Welcome to Israel's first settler university

Ariel University is part academic institution, part political statement.

With the well-kept grass verges and cafes serving paninis and chilled beer and coke, Ariel University could resemble any modern campus college in Britain or the US. It isn’t: it is Israel’s first settler university, given official status with a great deal of controversy in July. With Salfit to its south and Nablus further to its north, Ariel is deep inside the West Bank. It is one of the major population centres annexed to "greater Israel" by the construction of the separation wall, whose route loops around the city, taking vast tracts of land from local Palestinian communities.

To look at, Ariel’s campus and media presence barely hints at the significance of its geographical location. Its emphasis, couched in the semi-managerial language becoming common to the academic world, is on “reaching out to every corner of Israeli society”, “research excellence” and “keeping its finger on the pulse of the needs of the Israeli economy”. The tension between Ariel’s claim to be normal university and its political role in cementing an Israeli civilian population in the West Bank is rapidly becoming a symbolic battleground over the future viability of a two-state solution, and, for many, a sign that Israel’s academia should be boycotted internationally.

The pretence to normality that emanates from Ariel is echoed by its students. “I don’t want to say I don’t care about these issues,” says Avishi, an economics student from Haifa, “but I study and live here – I don’t really follow it.” Sitting with Avishi and two of his classmates on a picnic bench outside a library on the university’s upper campus, I ask them why they chose Ariel. Talya, a media and communications student from Ashkelon replies. “I didn’t really think about the fact that it was in the West Bank. The main reason I chose Ariel was that my grades from high school were bad, and I couldn’t get into Be’er Sheva.”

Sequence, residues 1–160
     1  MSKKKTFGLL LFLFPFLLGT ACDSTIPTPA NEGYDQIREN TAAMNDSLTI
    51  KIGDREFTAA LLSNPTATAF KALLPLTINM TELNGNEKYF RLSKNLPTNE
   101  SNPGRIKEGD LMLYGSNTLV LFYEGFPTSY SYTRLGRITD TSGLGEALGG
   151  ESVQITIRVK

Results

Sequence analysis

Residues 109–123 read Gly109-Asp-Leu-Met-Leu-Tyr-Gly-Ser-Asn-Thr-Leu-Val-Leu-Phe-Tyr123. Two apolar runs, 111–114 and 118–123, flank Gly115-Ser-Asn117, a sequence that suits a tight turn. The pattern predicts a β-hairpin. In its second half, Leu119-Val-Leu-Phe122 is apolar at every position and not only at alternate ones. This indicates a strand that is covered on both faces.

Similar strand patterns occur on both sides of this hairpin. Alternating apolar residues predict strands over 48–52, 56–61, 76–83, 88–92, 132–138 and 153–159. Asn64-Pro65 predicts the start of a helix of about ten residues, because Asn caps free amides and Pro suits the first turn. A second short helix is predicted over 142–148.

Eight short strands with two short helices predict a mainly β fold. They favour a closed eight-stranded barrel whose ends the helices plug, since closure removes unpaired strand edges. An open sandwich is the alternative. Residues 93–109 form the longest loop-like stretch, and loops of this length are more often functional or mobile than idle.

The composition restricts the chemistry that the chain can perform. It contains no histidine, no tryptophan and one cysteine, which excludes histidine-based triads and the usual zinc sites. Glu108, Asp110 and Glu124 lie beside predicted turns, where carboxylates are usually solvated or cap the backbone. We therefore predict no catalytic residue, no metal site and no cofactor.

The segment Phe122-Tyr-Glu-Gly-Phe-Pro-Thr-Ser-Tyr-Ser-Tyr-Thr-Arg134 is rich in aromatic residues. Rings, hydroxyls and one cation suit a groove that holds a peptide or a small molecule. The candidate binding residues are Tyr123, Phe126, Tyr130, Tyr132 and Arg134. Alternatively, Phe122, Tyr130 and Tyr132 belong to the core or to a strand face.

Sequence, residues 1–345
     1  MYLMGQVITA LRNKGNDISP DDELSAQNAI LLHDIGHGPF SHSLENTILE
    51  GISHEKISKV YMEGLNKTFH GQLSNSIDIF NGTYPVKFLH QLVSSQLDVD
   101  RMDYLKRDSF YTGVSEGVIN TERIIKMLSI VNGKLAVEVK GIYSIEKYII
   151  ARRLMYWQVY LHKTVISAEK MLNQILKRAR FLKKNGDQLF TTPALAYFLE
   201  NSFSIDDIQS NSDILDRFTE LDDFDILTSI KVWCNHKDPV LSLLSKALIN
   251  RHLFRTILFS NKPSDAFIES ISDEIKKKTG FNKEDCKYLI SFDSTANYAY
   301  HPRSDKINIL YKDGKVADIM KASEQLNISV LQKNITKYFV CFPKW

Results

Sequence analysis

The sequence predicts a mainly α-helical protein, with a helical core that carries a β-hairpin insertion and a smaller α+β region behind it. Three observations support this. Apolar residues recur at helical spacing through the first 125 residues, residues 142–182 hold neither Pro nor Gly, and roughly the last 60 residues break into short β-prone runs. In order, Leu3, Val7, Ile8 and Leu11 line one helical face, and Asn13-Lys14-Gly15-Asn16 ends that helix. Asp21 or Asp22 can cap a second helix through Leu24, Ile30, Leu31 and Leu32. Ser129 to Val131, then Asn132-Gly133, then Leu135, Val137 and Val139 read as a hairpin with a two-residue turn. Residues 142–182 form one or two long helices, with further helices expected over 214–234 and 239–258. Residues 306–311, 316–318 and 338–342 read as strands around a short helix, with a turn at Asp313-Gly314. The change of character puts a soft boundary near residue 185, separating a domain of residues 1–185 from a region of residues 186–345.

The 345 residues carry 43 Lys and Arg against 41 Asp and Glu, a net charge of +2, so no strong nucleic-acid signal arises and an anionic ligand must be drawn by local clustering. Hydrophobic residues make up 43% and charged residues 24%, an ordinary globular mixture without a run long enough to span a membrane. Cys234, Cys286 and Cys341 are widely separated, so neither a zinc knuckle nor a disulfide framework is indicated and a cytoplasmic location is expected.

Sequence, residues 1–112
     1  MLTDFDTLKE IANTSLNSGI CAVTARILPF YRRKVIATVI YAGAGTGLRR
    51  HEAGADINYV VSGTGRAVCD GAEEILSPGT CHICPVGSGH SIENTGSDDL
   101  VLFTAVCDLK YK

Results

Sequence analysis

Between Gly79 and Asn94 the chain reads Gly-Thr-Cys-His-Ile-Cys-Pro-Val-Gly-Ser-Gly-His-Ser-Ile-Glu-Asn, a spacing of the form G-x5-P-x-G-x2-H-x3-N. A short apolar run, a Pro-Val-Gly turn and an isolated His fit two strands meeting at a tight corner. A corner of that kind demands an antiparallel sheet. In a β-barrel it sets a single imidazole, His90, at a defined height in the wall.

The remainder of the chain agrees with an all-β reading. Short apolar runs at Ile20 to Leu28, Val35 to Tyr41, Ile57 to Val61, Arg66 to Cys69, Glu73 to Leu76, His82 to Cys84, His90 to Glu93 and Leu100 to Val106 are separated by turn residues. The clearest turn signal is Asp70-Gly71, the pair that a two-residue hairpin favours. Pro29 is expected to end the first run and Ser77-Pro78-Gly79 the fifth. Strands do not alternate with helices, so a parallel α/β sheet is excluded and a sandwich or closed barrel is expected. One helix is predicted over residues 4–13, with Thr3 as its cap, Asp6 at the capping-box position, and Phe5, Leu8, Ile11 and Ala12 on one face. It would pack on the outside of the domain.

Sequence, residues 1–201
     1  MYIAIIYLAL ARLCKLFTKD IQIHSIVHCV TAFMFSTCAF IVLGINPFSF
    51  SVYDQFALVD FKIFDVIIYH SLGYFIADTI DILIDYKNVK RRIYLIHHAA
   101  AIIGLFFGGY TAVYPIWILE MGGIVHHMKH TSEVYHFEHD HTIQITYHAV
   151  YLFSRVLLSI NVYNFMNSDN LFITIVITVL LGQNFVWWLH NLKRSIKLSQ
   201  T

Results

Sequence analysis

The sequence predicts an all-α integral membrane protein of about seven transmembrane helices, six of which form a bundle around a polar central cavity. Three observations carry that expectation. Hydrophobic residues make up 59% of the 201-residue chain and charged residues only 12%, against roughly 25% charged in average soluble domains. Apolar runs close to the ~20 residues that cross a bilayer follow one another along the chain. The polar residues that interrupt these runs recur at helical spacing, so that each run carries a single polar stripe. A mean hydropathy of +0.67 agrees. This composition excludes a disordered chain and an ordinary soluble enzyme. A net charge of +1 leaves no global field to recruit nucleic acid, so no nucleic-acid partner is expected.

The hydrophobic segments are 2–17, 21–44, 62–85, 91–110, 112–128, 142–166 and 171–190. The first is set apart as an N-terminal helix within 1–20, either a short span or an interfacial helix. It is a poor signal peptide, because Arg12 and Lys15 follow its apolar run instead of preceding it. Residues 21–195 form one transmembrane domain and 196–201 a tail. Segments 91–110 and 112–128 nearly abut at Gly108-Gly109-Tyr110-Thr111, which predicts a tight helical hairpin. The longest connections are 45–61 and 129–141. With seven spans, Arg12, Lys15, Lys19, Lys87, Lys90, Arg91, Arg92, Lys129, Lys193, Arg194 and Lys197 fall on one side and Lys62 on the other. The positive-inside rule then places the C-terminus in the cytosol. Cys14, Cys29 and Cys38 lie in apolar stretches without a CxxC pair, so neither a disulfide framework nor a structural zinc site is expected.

Then, in an almost surreal moment, everyone at the table gestures to the sunset over the West Bank – “and the views are also amazing,” she says. When I ask which Palestinian town we are looking at, no one can tell me.

These unknown Palestinian villages all knew what Ariel was: the settlement exists because of land taken from the very villages that make up its picturesque views; the grass growing under our feet was almost certainly possible only because of the vast stocks of water which have been taken from under the West Bank – leaving most Palestinians either short or cut off entirely. Ariel’s sewage has on several occasions been allowed to spill over into neighbouring Salfit, polluting its water supply.

This is the bizarre reality that Ariel University’s establishment both reflects and promises for Israel. For the inhabitants of this new seat of academic inquiry, the scenery that rolls out into the sunset across from the hill-tops of Ariel is inanimate, its inhabitants and their concerns are picturesque, but not an issue.

The wilful moral oblivion that can be observed on campus is not merely a question of ignorance, especially given that most students will have done military service and seen the occupation. Rather, it is the ideological symptom the fact that Ariel’s academics and students are becoming an integral part of a project of colonial normalisation. West Bank settlements are illegal under international law primarily because the Fourth Geneva Convention prohibits occupying powers from moving their civilian population into the occupied area. In these terms, the establishment of a university here could not be clearer in the message that it has sent.

With a population of around 19,000, Ariel is now host to 14,000 students – and the university aims to make it 20,000 by 2020. Ariel’s new university is not a part of the natural growth even, as a true-believer would put it, of "any normal city in Israel". Here, far from being dragged along reluctantly, academics are playing a leading role in Israel’s colonial project.

Any attempt to recognise Ariel University internationally will almost certainly be met with protest – but the situation also raises renewed questions about the role and credibility of Israeli academia more generally. Its seeming inclusion into the fold of Israeli universities is symbolic because it demonstrates the extent to which Israeli society has become enmeshed with its colonisation of the West Bank.